I didn’t know then that Vincent and I shared a birthday. When I found out, it felt like an eerie, beautiful connection — even if one that was created out of nothing more than my want for a brother who could light a night sky with yellow swirls and ease the lines of weathered faces. Warren Beatty could never do that, even though he was also born on March 30th. I wonder if my mother remembered that detail from some horoscope section somewhere – I can’t imagine any other reason she would have picked Warren’s name when, in fourth grade, I asked who my father was. I actually believed her for two months, and read everything I could find about the actor and his sister Shirley at the Washoe County Library. I was such an idiot when it came to my mother. She never stopped lying, and I never stopped wanting to believe her.

In Minnesota today, it’s some ungodly number of degrees below zero. The wind is whipping up snow in cold swirls, the lights are flickering on and off, and I’m feeling the type of restlessness that comes from wanting to be somewhere else, not just in winter but in life.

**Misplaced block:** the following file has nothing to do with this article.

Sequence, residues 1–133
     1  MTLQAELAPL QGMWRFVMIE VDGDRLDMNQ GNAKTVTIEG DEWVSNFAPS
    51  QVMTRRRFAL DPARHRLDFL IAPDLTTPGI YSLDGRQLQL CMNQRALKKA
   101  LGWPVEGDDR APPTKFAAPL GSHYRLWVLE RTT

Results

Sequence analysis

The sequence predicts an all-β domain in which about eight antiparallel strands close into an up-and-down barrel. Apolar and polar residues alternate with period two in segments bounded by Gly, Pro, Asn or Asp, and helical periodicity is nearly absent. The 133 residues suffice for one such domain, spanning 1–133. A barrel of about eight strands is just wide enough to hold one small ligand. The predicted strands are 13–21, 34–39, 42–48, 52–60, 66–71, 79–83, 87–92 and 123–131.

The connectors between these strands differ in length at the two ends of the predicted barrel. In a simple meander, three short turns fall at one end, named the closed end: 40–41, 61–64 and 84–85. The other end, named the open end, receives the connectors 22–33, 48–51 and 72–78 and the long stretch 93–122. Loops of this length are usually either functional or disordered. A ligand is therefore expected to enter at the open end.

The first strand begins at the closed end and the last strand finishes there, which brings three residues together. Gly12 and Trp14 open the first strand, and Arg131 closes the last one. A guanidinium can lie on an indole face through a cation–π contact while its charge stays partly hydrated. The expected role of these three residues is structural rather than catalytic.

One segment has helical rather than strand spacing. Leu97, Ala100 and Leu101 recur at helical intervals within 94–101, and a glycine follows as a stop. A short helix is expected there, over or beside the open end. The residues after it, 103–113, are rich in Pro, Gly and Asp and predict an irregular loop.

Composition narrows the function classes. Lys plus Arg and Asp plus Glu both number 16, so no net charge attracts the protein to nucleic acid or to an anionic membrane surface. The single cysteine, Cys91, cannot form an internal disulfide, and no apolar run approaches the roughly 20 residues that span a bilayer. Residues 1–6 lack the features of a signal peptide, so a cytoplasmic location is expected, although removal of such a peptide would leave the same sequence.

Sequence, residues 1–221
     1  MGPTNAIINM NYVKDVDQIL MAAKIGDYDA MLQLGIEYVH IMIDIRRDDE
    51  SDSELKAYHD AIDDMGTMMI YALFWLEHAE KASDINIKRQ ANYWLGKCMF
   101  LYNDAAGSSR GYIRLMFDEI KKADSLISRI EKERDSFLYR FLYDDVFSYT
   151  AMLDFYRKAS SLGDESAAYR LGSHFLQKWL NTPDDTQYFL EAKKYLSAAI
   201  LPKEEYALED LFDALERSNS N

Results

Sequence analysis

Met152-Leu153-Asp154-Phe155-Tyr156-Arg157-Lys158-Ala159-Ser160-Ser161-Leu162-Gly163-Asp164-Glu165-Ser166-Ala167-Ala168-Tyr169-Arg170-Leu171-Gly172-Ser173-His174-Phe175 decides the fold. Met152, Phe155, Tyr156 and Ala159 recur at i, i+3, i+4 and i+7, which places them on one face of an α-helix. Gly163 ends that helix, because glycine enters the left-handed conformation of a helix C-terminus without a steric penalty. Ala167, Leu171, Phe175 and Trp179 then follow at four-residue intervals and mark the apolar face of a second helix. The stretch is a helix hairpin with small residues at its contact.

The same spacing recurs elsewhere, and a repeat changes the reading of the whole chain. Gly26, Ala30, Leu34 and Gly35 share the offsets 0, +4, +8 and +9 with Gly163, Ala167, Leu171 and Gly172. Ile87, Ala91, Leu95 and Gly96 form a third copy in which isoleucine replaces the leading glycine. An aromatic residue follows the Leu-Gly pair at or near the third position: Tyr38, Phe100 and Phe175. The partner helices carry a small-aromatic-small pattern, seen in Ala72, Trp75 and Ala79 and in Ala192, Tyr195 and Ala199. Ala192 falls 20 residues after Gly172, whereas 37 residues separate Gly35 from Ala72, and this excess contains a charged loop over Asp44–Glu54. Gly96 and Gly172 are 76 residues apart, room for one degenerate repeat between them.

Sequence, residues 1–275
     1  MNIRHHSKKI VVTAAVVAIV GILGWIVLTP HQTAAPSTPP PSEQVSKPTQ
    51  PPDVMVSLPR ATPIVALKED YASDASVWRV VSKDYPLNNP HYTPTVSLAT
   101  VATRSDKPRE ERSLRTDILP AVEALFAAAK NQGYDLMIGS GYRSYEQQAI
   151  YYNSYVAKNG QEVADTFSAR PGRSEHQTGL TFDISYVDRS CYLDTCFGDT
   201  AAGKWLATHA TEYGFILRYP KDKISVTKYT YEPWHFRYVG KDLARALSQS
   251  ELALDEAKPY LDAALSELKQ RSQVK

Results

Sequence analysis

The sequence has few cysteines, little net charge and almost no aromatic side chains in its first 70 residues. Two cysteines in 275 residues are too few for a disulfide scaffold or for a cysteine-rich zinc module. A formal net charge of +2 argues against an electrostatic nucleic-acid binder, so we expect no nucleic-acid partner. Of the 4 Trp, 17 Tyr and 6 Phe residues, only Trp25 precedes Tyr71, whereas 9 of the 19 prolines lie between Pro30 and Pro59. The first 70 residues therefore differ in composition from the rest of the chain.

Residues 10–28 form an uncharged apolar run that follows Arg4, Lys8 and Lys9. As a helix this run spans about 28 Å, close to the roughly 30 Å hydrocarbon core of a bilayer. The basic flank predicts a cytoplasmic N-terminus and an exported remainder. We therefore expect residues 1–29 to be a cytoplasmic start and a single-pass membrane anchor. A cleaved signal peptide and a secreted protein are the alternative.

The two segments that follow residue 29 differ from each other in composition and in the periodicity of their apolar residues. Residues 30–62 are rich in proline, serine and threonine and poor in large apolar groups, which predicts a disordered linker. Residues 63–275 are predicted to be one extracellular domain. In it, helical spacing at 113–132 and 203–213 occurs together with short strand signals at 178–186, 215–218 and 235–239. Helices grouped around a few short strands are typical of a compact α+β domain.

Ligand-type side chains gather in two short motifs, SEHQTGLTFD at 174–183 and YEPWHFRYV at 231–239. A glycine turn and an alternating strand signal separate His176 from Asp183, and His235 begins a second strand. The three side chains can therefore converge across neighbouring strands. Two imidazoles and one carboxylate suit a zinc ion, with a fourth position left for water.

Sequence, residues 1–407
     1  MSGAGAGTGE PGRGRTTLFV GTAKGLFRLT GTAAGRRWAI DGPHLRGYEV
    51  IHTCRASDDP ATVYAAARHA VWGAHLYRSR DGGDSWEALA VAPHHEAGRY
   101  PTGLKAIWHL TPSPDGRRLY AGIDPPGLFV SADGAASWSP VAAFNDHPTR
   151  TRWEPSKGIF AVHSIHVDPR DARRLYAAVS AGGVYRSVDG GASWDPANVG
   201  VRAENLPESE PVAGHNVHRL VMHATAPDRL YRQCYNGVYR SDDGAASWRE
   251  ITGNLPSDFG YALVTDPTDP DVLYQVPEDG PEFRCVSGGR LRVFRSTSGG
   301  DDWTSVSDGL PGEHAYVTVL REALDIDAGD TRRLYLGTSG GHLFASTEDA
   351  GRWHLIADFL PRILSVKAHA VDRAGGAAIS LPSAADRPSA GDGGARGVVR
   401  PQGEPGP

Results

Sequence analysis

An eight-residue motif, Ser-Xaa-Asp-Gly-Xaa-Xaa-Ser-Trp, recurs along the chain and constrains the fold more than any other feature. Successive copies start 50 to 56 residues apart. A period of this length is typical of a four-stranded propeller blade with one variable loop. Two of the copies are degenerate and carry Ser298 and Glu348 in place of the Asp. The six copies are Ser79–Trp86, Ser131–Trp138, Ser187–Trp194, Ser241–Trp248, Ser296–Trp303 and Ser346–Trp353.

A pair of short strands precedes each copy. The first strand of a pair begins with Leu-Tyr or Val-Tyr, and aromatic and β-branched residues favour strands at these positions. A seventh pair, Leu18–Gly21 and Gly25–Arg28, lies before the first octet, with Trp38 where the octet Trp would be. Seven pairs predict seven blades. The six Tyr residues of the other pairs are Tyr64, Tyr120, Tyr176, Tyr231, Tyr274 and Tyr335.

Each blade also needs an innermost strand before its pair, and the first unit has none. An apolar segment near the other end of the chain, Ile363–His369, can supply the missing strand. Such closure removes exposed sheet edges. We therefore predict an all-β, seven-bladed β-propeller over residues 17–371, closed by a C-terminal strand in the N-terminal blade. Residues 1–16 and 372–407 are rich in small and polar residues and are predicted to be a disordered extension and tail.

However, like the room of my own, the dream of “somewhere else” is elusive. At 46, I still feel my desperate teen days of walking the highways and scrounging for food and friends in bus stops too viscerally to ever want to repeat the experience. Through four states and countless cities, I’ve learned – there’s more to leaving than merely being gone. There has to be a safe harbor, money to make it through the rough spots, a plan, a job. And right now, realistically, I’m at least three or four years away from making all of those things come together.